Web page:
There hasn’t been a commercially successful console RTS since Halo Wars, or more recently RUSE. Adopting a simple control scheme such as a construction wheel, (or Kinect enabled voice commands), Stargate SG-1 could utilise the split screen interface experienced in Lego Star Wars III to allow both space and land battles to occur in unison. Reinforcements could be requisitioned from Stargate Command through the Stargate itself, (requiring time to arrive), or beamed directly from space. In battles that occur simultaneously, actions in space could aid your troops on the ground and vice versa whereas defeat in one theatre may not necessarily mean failure in the mission overall. When addressing one theatre, troops in the other are able to hold their own; especially if you place them in areas of cover or chokeholds.

With four main races to control; Human, Goa’uld/Jaffa, Replicators and Ori, a solid single player campaign could tell one cohesive story from one multiple angles, culminating with races combining to defend against the main antagonist, (think the final level of Warcraft III), or could retell the most significant battles across the series in retrospective.

In 2009 Law Abiding Citizen combined a financially successful box office opening with dismal reviews. Telling the story of a man hell-bent on avenging the murder of his wife and child, Clyde Shelton systematically and brutally murders both the men behind the murder itself and those from the corrupt criminal justice system that failed him. Considering the lack of both prison games in general and the persistent media coverage of criminals getting considerably short sentences for harrowing and despicable crimes, Law Abiding Citizen’s IP could offer a grounded thriller experience this generation has so far lacked.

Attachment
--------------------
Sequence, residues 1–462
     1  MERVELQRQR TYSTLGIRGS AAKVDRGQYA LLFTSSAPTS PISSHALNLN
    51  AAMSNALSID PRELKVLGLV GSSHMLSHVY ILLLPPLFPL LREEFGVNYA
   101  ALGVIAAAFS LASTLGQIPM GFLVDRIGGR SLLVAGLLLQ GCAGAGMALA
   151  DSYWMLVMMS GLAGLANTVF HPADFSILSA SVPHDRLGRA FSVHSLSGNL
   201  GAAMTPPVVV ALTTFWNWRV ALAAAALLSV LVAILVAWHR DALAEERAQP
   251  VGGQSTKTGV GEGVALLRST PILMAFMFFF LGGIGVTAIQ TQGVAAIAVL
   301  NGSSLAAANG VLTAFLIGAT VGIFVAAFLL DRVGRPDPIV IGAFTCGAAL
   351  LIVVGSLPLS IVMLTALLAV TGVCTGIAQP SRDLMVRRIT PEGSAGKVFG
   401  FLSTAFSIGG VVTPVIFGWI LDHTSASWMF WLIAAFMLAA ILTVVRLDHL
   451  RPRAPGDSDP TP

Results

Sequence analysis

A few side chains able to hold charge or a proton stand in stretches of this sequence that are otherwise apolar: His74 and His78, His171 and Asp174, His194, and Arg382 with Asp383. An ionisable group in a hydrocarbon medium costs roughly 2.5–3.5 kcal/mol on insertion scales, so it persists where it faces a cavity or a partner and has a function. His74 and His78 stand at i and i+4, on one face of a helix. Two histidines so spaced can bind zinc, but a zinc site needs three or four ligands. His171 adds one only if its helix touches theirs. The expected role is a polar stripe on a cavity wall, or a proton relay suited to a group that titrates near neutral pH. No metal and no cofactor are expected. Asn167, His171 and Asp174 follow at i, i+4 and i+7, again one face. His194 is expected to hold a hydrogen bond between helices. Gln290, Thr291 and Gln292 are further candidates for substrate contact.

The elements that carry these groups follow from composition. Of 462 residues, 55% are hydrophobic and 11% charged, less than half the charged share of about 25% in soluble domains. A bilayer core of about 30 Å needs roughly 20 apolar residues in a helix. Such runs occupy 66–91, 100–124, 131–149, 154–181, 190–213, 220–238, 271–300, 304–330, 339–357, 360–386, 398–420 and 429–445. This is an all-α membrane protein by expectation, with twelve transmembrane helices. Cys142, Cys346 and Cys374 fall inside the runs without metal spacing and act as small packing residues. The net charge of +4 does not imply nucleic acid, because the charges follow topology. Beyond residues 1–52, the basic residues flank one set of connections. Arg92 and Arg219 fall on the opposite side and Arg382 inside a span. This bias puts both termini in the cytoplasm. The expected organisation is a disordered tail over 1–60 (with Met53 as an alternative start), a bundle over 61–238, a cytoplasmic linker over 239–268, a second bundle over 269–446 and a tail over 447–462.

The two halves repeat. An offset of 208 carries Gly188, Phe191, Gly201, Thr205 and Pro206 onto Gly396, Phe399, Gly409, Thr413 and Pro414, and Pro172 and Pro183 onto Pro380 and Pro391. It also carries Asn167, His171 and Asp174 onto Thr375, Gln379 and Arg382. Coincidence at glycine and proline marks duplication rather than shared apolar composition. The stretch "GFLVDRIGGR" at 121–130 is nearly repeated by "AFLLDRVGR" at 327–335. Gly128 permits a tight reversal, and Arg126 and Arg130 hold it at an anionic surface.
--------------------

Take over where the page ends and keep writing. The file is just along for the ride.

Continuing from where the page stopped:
Taking an odd nod from Dead Rising, this title could implement a time mechanic wherein the player has an allotted amount of time to achieve a certain amount of objectives. Whether it be returning to your prison cell at the end of the night or making a certain window of opportunity, if the player misses his chance he has to restart the mission/game. Whilst this mechanic may not be for everyone, there are those among the gaming community that ask for a more hardcore experience, (and there remains the option to choose multiple difficulties, think Diablo III’s Hardcore mode). Although the game isn’t even out yet, the gruesome, weighty deaths in The Last of Us are exactly the tone that Law Abiding Citizen should be striving to strike.

The game could be open world or a linear experience once the player escapes from prison, and could utilise the time in your cell to plan the multiple murders of your targets in innovative fashion. For example, killing your enemies in ways that appear to be accidents may grant you more time and therefore more targets, before you are discovered/treated as a suspect. If the player completes his list of targets before being discovered then one ending could have the player getting away with it. The challenge then becomes finding the most innovative and discrete ways of killing your targets, deriving shades of Hitman. Again, this could make for some great water cooler moments if handled appropriately… and if not for the pesky internet not revealing all possible ways of offing your target within hours of the game coming out.

Keep an eye out for Part Two coming later this week! If you have any great ideas for TV shows and movies that would make great video games leave a comment below of catch me directly on Twitter @WallaceMerrett